Brisk voting in 3 Lok Sabha, 33 assembly seats
Lack of enthusiasm was witnessed among the voters in the first two hours in all the constituencies, but slowly picked up later. Mild rains also affected the voter turnout. The Mainpuri seat was held by SP, while all the eleven Assembly seats where voting is on were held by Bharatiya Janata Party (BJP).india Updated: Sep 13, 2014 18:56 IST
Brisk voting was recorded in most of the 33 assembly seats and 3 Lok Sabha seats where bypolls were held on Saturday.
In Uttar Pradesh voting percentage was highest in Mainpuri Lok Sabha constituency, which was vacated by Samajwadi Party chief Mulayam Singh. Mulayam's grandnephew Tej Pratap Singh Yadav, 27, is contesting the seat on an SP ticket.
Among the voters was chief minister Akhilesh Yadav who landed in Saifai to cast his ballot.
Lack of enthusiasm was witnessed among the voters in the first two hours in all the constituencies, but slowly picked up later. By 3 pm around 44 % had cast their votes. Mild rains also affected the voter turnout.
The Mainpuri seat was held by SP, while all the eleven Assembly seats where voting is on were held by Bharatiya Janata Party (BJP).
In West Bengal voting was brisk in Basirhat Dakshin while Chowringhee had lower voter turnout. Both the Left and the BJP accused the ruling TMC of terrorising voters, BJP's Basirhat candidate Samik Bhatatcharya said.
Over 62% polling was recorded in Basirhat Dakshin while nearly 40% voters exercised their franchise in Chowringhee till 2 pm.
Voting was also brisk and peaceful in Telangana, Rajasthan and other states where bypolls are held.
Analysts are looking to see which way the wind blows in the bypolls spread across these nine states.
The results of two Lok Sabha seats — Vadodara which was vacated by Prime Minister Narendra Modi and Medak in Telangana was vacated by Telangana Rashtra Samithi chief and chief minister K Chandrashekhar Rao — are unlikely to throw any surprises. But Samajwadi Party chief Mulayam Singh Yadav’s prestige is at stake in his home turf Mainpuri, the third Lok Sabha seat.
The bypolls are being seen as an indicator of the popularity of the Bharatiya Janata Party (BJP) and opposition parties ahead of four assembly elections to be held this year.
They also pose a key question on the future of the Samajwadi Party (SP) and Bahujan Samaj Party (BSP) in Uttar Pradesh.
The BJP swept to power on the back of a so-called Modi wave this summer, but failed to maintain the momentum in last month’s by-elections in four states where it lost a majority of seats to the Congress party and its allies.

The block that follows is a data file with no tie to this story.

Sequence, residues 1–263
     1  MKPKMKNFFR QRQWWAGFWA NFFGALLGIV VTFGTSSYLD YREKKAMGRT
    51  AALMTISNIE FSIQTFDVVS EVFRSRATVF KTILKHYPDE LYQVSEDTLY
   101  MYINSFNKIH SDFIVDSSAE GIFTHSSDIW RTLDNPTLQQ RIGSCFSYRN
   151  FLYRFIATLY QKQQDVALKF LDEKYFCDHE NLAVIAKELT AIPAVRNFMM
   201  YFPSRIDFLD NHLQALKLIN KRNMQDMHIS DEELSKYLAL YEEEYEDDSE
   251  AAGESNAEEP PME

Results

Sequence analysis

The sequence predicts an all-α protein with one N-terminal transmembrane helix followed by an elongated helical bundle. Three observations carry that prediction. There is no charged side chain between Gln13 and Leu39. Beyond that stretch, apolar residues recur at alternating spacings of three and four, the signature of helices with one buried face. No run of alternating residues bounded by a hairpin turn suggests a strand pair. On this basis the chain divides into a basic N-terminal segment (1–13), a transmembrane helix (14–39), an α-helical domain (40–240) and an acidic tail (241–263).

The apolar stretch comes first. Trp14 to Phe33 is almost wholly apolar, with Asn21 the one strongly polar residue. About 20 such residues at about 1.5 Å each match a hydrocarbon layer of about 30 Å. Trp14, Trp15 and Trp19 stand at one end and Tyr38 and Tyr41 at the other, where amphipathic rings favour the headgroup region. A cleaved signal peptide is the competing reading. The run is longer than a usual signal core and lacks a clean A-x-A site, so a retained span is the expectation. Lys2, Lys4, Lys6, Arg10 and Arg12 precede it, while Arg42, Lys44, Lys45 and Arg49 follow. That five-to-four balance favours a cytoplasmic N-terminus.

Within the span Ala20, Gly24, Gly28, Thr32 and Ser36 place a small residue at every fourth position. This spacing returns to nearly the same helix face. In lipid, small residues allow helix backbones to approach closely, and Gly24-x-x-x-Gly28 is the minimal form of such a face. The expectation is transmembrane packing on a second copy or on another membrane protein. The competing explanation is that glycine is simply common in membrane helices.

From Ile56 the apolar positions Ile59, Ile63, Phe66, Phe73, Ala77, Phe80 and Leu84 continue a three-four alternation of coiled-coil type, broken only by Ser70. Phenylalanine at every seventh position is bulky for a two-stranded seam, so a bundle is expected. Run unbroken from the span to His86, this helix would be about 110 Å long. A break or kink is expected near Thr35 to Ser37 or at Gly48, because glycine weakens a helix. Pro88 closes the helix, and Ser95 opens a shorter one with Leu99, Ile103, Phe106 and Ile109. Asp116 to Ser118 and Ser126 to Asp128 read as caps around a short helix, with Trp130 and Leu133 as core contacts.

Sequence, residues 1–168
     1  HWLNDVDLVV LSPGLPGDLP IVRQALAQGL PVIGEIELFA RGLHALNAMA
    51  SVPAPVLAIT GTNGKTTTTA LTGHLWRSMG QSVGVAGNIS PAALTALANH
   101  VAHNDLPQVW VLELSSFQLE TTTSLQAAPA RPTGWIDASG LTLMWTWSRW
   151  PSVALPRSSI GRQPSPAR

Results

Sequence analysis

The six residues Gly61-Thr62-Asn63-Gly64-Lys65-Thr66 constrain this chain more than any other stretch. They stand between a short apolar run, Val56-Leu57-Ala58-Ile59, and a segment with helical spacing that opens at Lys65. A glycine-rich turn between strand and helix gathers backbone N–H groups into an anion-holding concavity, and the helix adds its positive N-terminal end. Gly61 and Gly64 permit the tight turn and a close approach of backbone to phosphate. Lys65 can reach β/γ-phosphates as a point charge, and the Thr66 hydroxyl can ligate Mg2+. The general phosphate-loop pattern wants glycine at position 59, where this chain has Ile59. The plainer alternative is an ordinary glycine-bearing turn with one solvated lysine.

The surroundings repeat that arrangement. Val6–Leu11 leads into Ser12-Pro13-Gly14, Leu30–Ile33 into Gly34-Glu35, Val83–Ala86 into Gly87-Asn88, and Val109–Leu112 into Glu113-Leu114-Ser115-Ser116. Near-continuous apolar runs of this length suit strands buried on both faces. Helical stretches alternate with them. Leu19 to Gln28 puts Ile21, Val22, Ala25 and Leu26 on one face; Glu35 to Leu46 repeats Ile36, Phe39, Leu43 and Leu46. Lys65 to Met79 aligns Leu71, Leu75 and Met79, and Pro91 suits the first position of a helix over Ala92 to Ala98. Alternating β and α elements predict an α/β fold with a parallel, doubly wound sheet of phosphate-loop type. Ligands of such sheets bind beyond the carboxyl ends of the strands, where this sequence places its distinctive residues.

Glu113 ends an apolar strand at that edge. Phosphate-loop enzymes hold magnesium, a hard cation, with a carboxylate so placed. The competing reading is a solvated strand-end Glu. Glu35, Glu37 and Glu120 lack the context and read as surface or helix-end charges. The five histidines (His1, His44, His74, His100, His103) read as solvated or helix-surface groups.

The BJP and its allies together won only eight of the 18 seats that went to the polls while the Congress and its allies won 10.
In the last Lok Sabha polls, a large number of OBCs and Dalits rallied behind the BJP across the Hindi belt. The shift dented the SP and BSP’s support base in the largest electoral state. The SP won just seven seats while Mayawati’s BSP drew a blank.
The grand alliance of the RJD-JDU-Congress could halt the BJP’s charge into this caste base. In the absence of such an alliance in Uttar Pradesh, any further losses may lead to an existential crisis for the two caste-based parties.
If the opposition parties — especially the Samajwadi Party in Uttar Pradesh, the Congress in Rajasthan, Gujarat and Assam — can stop the BJP’s march, their claim about the Modi wave waning will receive a further boost.
With elections in Maharashtra and Haryana due next month, any by-election victory will also give the beleaguered Congress a fresh face saver after its humiliating Lok Sabha defeat.
But it may not be so easy for the opposition. Of the 33 seats, 11 are in Uttar Pradesh where the BJP swept 71 of 80 Lok Sabha seats.
In Gujarat and Rajasthan, where 13 assembly seats are up for grabs, the opposition could not even open its account in the general election.
Three seats are heading for the polls in Congress-ruled Assam where the BJP bagged 50% of Lok Sabha constituencies.
In West Bengal, the ruling Trinamool Congress will be desperate to win both seats as it wants to show that the Saradha scam has not hurt the party’s prospects.
For the BJP, a win or even a number two position in the results from Assam and Bengal will further cement its position as a fast emerging force, replacing traditional opposition parties like AGP and Left, respectively.
The by-elections in Chhattisgarh, Sikkim, Andhra and Tripura will test if the ruling parties can further consolidate their positions. Tripura is the only state where the Left is in power.